CYBER RISK CLIENT ALERT: BIPA Cutbacks Stalled in Springfield - For Now.
In response to the Illinois Supreme Court’s ruling in Rosenbach v. Six Flags Entertainment Corp., 2019 IL 123186 (actual harm is not required for standing under the Illinois Biometric Information Privacy Act), the Illinois legislature is now considering amending the statute, in part, by removing its private right of action.
Illinois was the leader in enacting privacy protections for biometric data. Illinois is still one of only a few states to have such protections in place (along with Texas and Washington). Arizona, Florida, and Massachusetts have proposed regulations to protect biometric identification, and California will have its biometric protections take effect on January 1, 2020.
Only two states have followed Illinois in providing a private right of action for biometric identification privacy violations: Florida and California. Illinois, though, may be retreating. The Illinois Senate introduced SB 2134 in February 2019, one feature of which is to remove a private right of action. In its place, violations of BIPA would fall under the Illinois Consumer Fraud and Deceptive Business Practices Act, vesting BIPA’s enforcement to the Illinois attorney general and providing a three-year statute of limitations. Additionally, the amendment provides that if a BIPA violation occurs within the workplace, an employee or former employee may file a complaint with the Department of Labor within one year of the violation.
This bill has most recently been re-referred to assignments, meaning the bill did not receive the requisite number of votes needed to move to the next phase for ratification. This bill, or something similar, will likely be proposed during the next session. Illinois’ legislative session typically runs from January to the end of May. However, there is also a two week session in the fall, during which time we may see progress on this Bill.
While the Illinois Senate is considering eliminating BIPA’s private right of action, the Illinois House is looking to expand BIPA to include “electrocardiography result from a wearable device” in HB 3024. Presently, the proposal is less than clear on what would be considered a wearable device, leaving companies questioning whether they will be affected if this amendment were to go into effect. The bill has most recently been re-referred to the rules committee after it did not receive enough votes to pass.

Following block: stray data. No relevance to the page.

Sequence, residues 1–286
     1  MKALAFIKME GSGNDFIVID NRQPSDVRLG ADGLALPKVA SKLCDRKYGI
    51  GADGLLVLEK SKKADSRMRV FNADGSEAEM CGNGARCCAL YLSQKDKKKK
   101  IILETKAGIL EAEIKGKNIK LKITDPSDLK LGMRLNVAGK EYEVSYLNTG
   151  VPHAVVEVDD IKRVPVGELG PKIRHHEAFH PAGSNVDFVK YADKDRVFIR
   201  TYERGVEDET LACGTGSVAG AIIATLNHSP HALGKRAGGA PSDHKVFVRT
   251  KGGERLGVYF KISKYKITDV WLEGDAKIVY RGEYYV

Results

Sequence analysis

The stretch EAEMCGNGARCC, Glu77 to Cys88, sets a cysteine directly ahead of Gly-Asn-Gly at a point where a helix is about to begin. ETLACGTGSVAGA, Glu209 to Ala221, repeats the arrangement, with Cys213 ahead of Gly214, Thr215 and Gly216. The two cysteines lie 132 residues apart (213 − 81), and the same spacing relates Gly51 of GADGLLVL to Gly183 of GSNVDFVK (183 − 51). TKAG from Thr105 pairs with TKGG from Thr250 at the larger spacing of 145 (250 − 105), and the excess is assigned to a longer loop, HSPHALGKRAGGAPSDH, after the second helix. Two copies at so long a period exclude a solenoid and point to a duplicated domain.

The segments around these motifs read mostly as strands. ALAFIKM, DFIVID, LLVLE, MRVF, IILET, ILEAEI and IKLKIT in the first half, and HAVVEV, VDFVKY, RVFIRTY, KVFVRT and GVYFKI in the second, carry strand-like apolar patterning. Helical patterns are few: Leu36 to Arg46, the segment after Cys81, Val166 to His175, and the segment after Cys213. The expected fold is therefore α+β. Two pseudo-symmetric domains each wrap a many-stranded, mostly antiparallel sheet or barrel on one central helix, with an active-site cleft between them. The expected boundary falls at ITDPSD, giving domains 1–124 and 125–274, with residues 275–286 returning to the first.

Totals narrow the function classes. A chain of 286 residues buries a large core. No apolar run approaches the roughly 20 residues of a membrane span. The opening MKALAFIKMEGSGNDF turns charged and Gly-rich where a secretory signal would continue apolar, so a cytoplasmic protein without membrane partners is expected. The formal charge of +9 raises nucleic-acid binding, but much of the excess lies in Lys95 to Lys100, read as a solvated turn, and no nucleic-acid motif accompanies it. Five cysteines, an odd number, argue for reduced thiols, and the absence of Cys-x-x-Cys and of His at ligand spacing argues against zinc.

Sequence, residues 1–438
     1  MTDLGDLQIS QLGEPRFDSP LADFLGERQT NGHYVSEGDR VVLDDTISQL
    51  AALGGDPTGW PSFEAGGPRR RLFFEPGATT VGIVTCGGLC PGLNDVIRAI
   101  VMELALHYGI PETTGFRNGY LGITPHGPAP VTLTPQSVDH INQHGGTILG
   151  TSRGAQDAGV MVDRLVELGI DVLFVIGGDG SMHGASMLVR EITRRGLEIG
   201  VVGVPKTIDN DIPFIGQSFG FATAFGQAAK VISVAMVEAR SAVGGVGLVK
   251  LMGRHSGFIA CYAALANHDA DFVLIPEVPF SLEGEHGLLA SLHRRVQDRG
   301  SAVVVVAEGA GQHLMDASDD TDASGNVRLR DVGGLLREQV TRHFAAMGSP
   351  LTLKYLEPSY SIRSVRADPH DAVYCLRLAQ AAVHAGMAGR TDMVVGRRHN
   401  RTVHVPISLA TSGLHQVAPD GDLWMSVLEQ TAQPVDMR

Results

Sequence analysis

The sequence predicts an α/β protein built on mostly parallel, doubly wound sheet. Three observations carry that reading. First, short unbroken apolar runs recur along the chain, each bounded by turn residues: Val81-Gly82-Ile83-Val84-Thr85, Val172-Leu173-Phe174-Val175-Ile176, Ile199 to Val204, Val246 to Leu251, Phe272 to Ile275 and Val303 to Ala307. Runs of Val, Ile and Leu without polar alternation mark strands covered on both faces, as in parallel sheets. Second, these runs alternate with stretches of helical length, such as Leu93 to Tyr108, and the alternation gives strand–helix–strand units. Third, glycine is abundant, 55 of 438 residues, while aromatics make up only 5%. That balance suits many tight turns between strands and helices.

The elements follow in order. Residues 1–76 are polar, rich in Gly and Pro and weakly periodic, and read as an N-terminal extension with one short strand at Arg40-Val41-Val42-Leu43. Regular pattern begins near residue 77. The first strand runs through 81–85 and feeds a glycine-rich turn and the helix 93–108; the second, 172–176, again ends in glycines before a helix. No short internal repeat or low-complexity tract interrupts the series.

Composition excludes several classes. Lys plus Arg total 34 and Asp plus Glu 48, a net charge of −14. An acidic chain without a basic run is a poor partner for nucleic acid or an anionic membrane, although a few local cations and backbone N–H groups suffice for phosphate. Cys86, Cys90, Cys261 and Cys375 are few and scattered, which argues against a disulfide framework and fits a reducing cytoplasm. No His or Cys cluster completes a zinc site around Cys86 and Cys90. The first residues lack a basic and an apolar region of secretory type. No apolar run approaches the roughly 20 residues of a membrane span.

Additional proposals limiting the protections of BIPA were made in the Illinois Senate (SB 3053) by excluding from BIPA’s reach a private entity’s use of biometric identification information when: (1) the information is strictly being used for employment purposes, (2) the private entity does not sell or share in any way the biometric identification information it collects, or (3) the private entity protects the biometric identification information in the same manner, or a more protective manner, than the manner in which it stores other confidential or sensitive information. The bill has since been placed in adjournment sine die, meaning the legislative session ended and the bill did not pass. Any further action on the bill is postponed till the next legislative session.
It will be important for companies to monitor these amendments and any other legislation regarding biometric privacy. Segal McCambridge works closely with its clients to track the progress of legislative activity, not only in Illinois but across the United States, to ensure full compliance with BIPA and other privacy laws.
For further information regarding BIPA or privacy laws generally, contact Joseph Kish, firstname.lastname@example.org or 312.644.3538.
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